It is not the place of GoFundMe or any other fundraising site to police people’s medical choices. GoFundMe, your core principles are turning “compassion into action” and the sharing of people’s stories “far and wide.” Please do not capitulate to the SCT bullies.

A. Rahman Ford.jpg

A. Rahman Ford, PhD, is a lawyer and research professional. He is a graduate of Rutgers University and the Howard University School of Law, where he served as Editor-in-Chief of the Howard Law Journal. He earned his PhD at the University of Pennsylvania.

Rahman lives with chronic inflammation in his digestive tract and is unable to eat solid food. He has received stem cell treatment in China. 

The information in this column should not be considered as professional medical advice, diagnosis or treatment. It is for informational purposes only and represent the author’s opinions alone. It does not inherently express or reflect the views, opinions and/or positions of Pain News Network.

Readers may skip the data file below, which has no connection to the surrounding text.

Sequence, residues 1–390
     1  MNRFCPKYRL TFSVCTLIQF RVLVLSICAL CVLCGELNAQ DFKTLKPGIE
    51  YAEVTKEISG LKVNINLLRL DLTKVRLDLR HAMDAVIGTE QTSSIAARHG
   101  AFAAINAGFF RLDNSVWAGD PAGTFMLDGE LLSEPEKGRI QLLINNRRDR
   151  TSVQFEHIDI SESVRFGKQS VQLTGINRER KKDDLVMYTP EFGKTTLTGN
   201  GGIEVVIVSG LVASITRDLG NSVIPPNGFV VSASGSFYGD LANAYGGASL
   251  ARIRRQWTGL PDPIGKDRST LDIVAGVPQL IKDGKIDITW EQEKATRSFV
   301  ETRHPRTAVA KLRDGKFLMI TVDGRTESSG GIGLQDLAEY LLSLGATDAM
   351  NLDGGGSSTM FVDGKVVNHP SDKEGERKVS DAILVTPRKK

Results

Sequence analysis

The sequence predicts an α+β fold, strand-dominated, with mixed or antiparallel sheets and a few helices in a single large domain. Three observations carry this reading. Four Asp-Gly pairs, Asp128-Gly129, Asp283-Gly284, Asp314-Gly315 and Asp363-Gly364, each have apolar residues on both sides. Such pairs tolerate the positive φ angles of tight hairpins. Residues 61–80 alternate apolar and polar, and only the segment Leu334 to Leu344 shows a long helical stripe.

A Pained Life: An Activism Primer

By Carol Levy, Columnist

Those of us who write columns and articles, or comment and tweet about chronic pain, beat the same drum, repeatedly: The world needs to hear us. We have to make our voices heard.

Unfortunately, the most common response seems to be along the lines of “We can't.”

The reasons make sense. Pain and disability keep many of us from being able to go to a rally, representative's office or a town hall meeting. Others say “I want to make my voice heard but I don't know how.”

I'm going to take my space today to give some ideas on how.